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I have pointing to, and separately, also and I want the user who visits either, or to share the same sessions. Is this possible? If not, what's the best compromise?

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2 Answers 2

To get applications using the same domain working using the same session cookies, you would configure this in the environment config files.. I do this for some of my applications. This is for Rails 2.3.5 apps, It should be the same for Rails 3, but I am not positive.

First, in config/initializers/session_store.rb, make sure that:

# ActionController::Base.session_store = :active_record_store

is commented out.

Next, all of your applications should use the same key and secret, in the same file, set:

ActionController::Base.session = {
  :key         => '_myapp_session',
  :secret      => 'some really long string of hex'

Finally, configure the environment files to use the same domain:


config.action_controller.session = { 
  :domain => ".rails.local" 


config.action_controller.session = { 
  :domain => "" 
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This still wouldn't work with and And why can't you use active_record_store? –  Tomas Markauskas Jun 10 '10 at 16:48
Edited to add that it only works using the same domain. Using active record store may work across apps on different domains, but you'd probably have to use the same database on both applications, which I was never really able to get working once they moved rails 2.3 to rack, which is why I went with sessions cookies with a shared key and secret. –  Dan McNevin Jun 11 '10 at 2:18
This doesn't answer any of the OP questions. –  rxgx May 16 '12 at 0:39 and can share cookies by setting the cookie domain to This will share cookies across all subdomains of cannot share the cookies with directly, however. There is a solution available using redirects, but it's tricky to implement -- (examples are in, but you could apply the solution to RoR).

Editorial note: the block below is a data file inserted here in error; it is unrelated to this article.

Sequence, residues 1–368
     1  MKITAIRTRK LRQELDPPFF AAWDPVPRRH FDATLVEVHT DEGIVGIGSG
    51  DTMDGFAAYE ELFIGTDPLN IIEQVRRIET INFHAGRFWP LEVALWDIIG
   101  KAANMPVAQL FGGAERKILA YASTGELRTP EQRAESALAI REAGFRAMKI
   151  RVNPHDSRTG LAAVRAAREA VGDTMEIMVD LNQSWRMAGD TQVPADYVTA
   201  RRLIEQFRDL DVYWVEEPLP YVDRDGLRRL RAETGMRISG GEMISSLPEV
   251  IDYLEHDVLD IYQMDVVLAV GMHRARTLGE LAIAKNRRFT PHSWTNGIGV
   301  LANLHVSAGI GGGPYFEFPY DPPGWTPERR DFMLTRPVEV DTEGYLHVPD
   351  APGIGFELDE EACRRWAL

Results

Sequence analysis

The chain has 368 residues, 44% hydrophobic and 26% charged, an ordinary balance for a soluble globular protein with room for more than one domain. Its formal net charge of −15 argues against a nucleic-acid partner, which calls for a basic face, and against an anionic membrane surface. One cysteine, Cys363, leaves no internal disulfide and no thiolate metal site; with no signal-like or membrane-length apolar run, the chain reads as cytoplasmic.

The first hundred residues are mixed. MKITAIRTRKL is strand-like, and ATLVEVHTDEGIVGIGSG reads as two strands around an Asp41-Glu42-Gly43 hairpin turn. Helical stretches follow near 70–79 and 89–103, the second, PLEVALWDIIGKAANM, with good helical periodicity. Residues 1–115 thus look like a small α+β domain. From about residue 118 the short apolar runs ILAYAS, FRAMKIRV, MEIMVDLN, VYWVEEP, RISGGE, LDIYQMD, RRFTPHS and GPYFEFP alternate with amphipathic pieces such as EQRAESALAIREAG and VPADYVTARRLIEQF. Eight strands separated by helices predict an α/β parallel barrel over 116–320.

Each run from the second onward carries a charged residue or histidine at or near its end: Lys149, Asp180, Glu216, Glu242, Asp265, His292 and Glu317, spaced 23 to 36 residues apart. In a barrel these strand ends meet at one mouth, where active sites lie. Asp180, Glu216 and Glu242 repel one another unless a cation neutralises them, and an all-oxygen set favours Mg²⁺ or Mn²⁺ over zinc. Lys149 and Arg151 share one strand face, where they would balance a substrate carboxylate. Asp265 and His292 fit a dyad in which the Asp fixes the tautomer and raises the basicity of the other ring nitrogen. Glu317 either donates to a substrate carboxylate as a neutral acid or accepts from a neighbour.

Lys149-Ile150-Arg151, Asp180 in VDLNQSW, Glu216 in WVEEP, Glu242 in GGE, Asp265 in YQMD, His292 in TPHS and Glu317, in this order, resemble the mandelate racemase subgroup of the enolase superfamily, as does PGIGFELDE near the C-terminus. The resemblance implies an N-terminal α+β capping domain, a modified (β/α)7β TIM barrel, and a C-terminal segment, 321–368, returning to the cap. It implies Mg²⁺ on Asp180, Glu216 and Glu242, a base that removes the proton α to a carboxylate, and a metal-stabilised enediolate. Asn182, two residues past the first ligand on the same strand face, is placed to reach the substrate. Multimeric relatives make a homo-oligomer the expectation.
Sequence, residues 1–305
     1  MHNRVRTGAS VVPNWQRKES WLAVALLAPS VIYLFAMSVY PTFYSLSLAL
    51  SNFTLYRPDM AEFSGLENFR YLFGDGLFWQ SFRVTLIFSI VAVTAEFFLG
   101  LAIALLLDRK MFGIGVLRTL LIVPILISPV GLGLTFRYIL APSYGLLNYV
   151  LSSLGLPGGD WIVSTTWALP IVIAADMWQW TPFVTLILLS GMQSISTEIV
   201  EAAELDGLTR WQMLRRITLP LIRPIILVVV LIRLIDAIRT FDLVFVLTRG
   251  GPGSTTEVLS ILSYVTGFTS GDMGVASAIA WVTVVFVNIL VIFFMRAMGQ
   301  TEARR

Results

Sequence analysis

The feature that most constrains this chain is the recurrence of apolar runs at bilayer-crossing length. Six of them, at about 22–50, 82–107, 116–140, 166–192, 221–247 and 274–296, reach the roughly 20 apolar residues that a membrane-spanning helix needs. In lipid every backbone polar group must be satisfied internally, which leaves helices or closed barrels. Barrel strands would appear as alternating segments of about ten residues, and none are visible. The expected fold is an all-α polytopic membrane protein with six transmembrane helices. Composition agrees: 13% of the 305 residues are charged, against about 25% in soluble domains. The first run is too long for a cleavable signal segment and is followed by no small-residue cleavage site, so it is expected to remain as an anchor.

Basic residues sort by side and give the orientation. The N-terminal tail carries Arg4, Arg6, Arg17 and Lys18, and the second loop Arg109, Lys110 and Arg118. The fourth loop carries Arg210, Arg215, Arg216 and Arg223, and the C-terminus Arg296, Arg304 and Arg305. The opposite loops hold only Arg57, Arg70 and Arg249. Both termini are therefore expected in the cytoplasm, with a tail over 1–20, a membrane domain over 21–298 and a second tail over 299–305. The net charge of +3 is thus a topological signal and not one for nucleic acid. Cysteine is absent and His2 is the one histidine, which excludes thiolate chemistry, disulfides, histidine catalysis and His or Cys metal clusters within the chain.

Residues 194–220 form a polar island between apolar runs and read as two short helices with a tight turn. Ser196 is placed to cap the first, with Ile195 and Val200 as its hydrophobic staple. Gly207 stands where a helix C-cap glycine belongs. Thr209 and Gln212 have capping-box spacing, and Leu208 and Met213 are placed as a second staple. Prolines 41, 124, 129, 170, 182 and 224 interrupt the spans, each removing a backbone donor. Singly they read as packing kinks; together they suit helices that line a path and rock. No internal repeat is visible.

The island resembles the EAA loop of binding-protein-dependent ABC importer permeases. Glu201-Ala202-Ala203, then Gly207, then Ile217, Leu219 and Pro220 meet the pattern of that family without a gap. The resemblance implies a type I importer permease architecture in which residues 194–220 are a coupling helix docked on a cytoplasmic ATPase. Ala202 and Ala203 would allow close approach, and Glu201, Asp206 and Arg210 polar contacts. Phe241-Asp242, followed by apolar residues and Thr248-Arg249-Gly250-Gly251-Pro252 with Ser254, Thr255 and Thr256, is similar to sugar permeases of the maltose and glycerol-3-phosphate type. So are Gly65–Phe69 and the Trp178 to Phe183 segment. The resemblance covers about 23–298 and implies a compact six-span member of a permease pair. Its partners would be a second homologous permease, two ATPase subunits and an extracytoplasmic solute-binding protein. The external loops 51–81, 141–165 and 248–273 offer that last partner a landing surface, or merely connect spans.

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link is outdated –  Mike Atlas Oct 18 '13 at 5:04
@MikeAtlas: well, that's the beauty of a site like Stack Overflow. Instead of down voting because a link is out of date you could spend less than 10 seconds searching Google to find the updated link and edit into the answer. –  Andy E Oct 18 '13 at 9:33
Even better would be to just give code examples here in your post, OP could have searched for 10 seconds on google too. Also, do you really think an ASP.NET solution is a good answer for a RoR question? –  Mike Atlas Oct 18 '13 at 14:48
@Mike: In the absence of an RoR solution, an ASP.NET that is easy to follow is a good enough answer. I've ported code from languages that I'm unfamiliar with myself, many times and I appreciate a half solution when that's all I can get. I agree, code samples would be better, but not being particularly savvy with RoR, I gave the best answer I could give, which was to describe the solution. The first part of my answer may have solved the OP's question, depending on how -> works. You're welcome to provide your own solution, since this one doesn't meet your standards ;-) –  Andy E Oct 18 '13 at 20:12

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